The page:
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Reboso Morales JA, Gonzalez Miranda F
Rev Esp Anestesiol Reanim. 1999 Mar;46(3):111-22.
- PubMed ID
- 10228376 [ View in PubMed]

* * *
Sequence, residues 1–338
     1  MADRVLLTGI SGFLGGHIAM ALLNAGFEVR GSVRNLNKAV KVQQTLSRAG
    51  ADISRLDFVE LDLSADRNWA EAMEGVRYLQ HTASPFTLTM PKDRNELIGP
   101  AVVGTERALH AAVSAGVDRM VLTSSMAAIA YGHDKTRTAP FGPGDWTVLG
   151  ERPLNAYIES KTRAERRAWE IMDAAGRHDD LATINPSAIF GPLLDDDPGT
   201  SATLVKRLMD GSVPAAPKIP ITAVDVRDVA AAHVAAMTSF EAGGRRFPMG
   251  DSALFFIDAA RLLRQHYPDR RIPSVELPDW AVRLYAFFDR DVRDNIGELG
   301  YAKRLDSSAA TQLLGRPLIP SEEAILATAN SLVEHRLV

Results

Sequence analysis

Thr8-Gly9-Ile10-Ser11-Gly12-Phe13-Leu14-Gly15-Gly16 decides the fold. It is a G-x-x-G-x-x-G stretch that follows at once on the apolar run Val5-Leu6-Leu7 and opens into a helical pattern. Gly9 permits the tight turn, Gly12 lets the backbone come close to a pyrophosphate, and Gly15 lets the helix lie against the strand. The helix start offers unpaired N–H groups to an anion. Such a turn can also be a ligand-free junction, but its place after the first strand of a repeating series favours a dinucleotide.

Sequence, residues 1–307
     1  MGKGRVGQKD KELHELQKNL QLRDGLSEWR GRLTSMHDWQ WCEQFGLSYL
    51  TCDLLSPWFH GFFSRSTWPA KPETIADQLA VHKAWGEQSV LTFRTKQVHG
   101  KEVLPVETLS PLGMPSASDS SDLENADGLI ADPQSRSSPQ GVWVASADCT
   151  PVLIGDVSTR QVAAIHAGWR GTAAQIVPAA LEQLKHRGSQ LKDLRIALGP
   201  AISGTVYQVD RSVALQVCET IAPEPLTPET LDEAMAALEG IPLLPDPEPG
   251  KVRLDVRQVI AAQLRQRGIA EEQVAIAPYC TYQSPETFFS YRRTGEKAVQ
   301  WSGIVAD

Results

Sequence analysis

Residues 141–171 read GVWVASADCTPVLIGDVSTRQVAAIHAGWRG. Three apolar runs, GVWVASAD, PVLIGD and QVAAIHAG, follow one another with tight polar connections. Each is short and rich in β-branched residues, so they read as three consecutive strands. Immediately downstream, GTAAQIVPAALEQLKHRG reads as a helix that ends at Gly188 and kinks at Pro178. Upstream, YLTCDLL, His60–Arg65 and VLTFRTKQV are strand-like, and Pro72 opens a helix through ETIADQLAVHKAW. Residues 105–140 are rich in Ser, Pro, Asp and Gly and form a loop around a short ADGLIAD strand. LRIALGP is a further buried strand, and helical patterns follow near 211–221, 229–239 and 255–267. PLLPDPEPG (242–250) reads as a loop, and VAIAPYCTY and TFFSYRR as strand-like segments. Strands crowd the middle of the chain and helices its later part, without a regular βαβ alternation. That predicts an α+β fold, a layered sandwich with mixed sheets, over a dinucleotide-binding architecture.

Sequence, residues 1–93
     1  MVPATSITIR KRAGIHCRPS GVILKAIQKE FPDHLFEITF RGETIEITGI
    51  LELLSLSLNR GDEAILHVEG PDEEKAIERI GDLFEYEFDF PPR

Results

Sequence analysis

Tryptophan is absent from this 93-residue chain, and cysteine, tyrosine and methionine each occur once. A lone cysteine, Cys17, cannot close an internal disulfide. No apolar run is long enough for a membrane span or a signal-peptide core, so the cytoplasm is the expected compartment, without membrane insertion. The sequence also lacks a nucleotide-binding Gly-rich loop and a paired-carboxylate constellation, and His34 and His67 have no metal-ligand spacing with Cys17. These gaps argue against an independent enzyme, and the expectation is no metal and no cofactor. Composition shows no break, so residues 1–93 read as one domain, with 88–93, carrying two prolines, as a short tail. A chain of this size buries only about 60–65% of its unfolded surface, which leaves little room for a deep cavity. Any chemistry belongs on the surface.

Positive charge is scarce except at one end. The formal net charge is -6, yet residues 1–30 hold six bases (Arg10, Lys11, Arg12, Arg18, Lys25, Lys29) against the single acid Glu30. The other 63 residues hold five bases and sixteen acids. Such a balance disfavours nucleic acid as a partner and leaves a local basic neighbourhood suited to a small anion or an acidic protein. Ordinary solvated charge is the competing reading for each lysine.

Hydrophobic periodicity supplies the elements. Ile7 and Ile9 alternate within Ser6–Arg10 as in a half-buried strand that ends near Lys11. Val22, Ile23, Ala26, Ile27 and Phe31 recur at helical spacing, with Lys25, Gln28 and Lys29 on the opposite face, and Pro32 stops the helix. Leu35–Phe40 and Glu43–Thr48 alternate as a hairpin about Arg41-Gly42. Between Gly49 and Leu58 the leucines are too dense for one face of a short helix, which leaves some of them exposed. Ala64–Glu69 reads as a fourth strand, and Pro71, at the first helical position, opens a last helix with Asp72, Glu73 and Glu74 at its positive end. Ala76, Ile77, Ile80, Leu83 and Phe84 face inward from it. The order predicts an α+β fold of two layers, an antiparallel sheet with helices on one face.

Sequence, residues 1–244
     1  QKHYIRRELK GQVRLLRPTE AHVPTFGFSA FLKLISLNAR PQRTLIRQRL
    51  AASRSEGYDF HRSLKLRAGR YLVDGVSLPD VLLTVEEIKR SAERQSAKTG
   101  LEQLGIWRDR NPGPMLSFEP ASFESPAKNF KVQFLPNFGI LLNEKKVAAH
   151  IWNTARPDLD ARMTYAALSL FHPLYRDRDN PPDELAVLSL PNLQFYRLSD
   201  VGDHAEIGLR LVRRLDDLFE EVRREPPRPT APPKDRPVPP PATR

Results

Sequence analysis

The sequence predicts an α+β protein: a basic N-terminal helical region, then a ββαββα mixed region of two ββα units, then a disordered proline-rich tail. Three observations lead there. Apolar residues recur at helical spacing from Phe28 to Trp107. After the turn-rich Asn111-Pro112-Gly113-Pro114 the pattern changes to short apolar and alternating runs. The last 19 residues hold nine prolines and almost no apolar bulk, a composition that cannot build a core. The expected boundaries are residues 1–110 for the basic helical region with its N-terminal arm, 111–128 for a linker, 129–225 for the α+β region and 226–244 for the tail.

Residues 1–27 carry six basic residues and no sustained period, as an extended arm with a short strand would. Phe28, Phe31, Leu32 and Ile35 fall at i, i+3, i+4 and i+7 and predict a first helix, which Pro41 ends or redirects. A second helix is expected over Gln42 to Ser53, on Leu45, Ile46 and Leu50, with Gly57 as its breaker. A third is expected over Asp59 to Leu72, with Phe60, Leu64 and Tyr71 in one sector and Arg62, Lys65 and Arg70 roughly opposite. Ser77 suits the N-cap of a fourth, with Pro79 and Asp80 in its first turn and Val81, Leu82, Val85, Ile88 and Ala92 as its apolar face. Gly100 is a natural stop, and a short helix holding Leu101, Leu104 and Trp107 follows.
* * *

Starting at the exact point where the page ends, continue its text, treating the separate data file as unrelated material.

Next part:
Ketamine is an intravenous drug with special properties that make it the only agent that presently serves as anesthetic, sedative, amnesiac and analgesic. Although it is sometimes forgotten, ketamine is still considered a viable drug. Water soluble, stable and non-irritant when administered intravenously, ketamine has rapid onset after intravenous injection and provides acceptable anesthesia when administered in continuous infusion. There properties make ketamine useful for total intravenous anesthesia. Both propofol and midazolam are effective in reducing ketamine's adverse side effects. Administered in children by oral, nasal, rectal and intramuscular routes, ketamine allows for gentle anesthetic induction. It can also serve as an adjuvant in regional anesthesia to supplement analgesia. In adults ketamine is most often used for major surgery, particularly in the elderly or in high risk patients who are in shock, severely dehydrated or hemodynamically unstable, or in obstetric patients with hypovolemia or hemorrhage. It is probably the anesthetic of choice for patients with hyperreactive airways. Ketamine's strong analgesic effect at subanesthetic doses allows it to be used as an analgesic during postoperative intensive care or as an analgesic-plus-sedative for patients receiving mechanical ventilation. Interest in using ketamine at low doses for cancer and non-cancer patients with chronic pain has grown recently.
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